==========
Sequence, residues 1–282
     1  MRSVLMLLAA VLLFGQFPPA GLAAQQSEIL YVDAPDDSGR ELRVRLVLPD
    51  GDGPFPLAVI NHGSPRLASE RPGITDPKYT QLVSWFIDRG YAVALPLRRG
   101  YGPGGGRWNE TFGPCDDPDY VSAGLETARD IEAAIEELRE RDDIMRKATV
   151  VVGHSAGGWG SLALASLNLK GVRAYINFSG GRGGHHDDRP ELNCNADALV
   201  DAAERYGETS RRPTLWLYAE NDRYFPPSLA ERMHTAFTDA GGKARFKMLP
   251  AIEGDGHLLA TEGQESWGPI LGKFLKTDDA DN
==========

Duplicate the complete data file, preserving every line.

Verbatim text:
Sequence, residues 1–282
     1  MRSVLMLLAA VLLFGQFPPA GLAAQQSEIL YVDAPDDSGR ELRVRLVLPD
    51  GDGPFPLAVI NHGSPRLASE RPGITDPKYT QLVSWFIDRG YAVALPLRRG
   101  YGPGGGRWNE TFGPCDDPDY VSAGLETARD IEAAIEELRE RDDIMRKATV
   151  VVGHSAGGWG SLALASLNLK GVRAYINFSG GRGGHHDDRP ELNCNADALV
   201  DAAERYGETS RRPTLWLYAE NDRYFPPSLA ERMHTAFTDA GGKARFKMLP
   251  AIEGDGHLLA TEGQESWGPI LGKFLKTDDA DN